Likewise, the Mexico-China multilateral collaboration takes on increasing prominence in the maintenance of international peace and security, post-COVID-19 economic recovery, environmental protection and global development, under the framework of the Group of 20, the UN Security Council (with Mexico as elected member 2021-22) and the UN Economic and Social Council.
Trade and investment flows between both countries, too, have been increasing in the past half a century. China today is our second largest trading partner and Mexico is China's second largest trading partner in Latin America and the Caribbean, with flows exceeding $90 billion in 2019—prior to the pandemic. Although there is a trade deficit for Mexico that both parties must address, our country constantly raises its exports, in a diversity of agrifood products such as tequila, avocado, fruits and meat, and progressively in manufactured goods in which the potential for integration is enormous. Conversely, Mexico imports various manufactured products from China, which in many cases are incorporated into national value chains to be re-exported to third countries.
Investment, in both directions, still has great potential but has been growing in recent years. Mexico is an ideal partner for China: part of North America and Latin America, with the coasts of the emerging American economy closest to China and Europe, with a young population and a great manufacturing tradition, as well as trade agreements with more than 50 countries. These enormous strengths are attracting more and more Chinese companies to settle in Mexico, such as crude oil and natural gas producer China National Offshore Oil Corp. as well as tech giants like Lenovo and Huawei, producing for the market and for export or participating in large projects such as the construction of the Mayan Train and the modernization of the Mexico City metro system. In the same way, we have a growing presence of Mexican companies in China such as BIMBO (bakery), Nemak (auto parts), CEMEX (cement) and Softek (information systems).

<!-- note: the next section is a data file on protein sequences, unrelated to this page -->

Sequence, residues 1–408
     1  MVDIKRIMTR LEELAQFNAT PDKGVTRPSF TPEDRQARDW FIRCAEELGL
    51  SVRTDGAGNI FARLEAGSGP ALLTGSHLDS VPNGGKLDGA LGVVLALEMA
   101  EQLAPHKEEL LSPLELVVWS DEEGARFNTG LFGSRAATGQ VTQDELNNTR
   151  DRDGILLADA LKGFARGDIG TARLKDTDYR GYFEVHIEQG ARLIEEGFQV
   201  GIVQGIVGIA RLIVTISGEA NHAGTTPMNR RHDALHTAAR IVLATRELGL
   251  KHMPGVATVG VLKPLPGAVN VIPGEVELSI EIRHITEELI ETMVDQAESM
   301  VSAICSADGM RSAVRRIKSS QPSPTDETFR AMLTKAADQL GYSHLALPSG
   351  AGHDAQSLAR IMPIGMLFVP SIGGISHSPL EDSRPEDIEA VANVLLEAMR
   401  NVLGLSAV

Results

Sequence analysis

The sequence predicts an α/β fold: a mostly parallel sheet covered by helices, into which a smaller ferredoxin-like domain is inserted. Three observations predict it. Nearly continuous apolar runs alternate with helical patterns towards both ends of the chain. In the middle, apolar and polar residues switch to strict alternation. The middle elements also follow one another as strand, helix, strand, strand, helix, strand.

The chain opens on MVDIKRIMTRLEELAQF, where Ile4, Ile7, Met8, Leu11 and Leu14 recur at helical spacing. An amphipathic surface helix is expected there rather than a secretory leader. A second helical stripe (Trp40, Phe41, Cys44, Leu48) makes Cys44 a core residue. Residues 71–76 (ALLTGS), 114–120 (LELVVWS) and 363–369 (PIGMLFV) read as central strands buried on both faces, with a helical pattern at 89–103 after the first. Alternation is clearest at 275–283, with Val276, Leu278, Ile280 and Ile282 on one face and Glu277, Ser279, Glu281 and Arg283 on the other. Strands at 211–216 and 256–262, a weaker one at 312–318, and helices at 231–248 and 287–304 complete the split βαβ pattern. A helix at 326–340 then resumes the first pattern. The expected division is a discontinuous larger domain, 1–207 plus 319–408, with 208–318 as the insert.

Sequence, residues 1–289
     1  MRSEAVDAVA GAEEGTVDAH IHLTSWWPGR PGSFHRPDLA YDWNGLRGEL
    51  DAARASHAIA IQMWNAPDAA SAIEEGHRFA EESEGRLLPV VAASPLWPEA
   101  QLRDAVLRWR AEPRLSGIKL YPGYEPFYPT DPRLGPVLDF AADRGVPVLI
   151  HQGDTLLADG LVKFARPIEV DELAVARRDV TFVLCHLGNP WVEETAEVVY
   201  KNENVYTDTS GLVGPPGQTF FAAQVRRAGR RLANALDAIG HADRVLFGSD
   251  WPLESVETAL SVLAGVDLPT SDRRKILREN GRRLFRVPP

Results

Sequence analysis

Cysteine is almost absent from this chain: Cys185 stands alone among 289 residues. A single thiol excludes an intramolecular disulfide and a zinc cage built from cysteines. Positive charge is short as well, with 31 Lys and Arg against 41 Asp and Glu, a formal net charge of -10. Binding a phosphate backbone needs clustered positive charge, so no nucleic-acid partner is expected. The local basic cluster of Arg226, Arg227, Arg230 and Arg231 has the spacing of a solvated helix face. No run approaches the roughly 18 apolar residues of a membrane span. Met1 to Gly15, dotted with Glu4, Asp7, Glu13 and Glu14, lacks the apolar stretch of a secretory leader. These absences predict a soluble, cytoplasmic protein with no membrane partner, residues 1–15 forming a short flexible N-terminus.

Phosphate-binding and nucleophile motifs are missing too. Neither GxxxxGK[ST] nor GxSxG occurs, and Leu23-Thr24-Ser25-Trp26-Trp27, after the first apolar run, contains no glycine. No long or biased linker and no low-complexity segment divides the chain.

Exchanges between peoples and mutual knowledge have also been developing. Various scientific and technological cooperation agreements have resulted in projects in agriculture, fishing, mining, aquaculture, traditional medicine, and rural and social development.
Cultural promotion can significantly contribute to the rapport between us. The great potential for shared cultural interest is demonstrated by the large numbers of exhibitions and artistic expressions held in both countries. The beautiful monumental ice replica of the famous Mayan Kukulkan pyramid on display at the Harbin International Ice and Snow Festival 2021-22 appears to be a hit with visiting crowds. We would like to bring more Mexican cultural beauties to all corners of this great country.
Student exchanges have also become a fundamental pillar of interrelation and contributed to the deepening of mutual knowledge, with the annual Mexico-China scholarship program having allowed thousands of Chinese and Mexican students to train in institutions of excellence since 1973.
Travel restrictions imposed due to the pandemic represent a challenge for tourist flows between Mexico and China. In the years leading up to the pandemic, our exchanges grew steadily on both tracks. It is urgent to reestablish the direct Mexico-China air routes we already had, but unfortunately for the time being have been suspended.
Our friendship throughout this half century, with roots of exchanges of goods and traditions traversing half a millennium, is strong; and this is its finest moment.
We have great untapped potential, which we must together pursue. It is not possible to predict what will happen in the next 50 years, but the potential exists. The mutual good disposition does, too. We will continue to trace new routes that deepen our friendship in an increasingly broad, productive and fraternal relationship, promoting more dialogue, cooperation, integration, and with all this, prosperity for our peoples.
The author is the Ambassador of Mexico to China. This is an edited translation of his article for China Hoy
Copyedited by Elsbeth van Paridon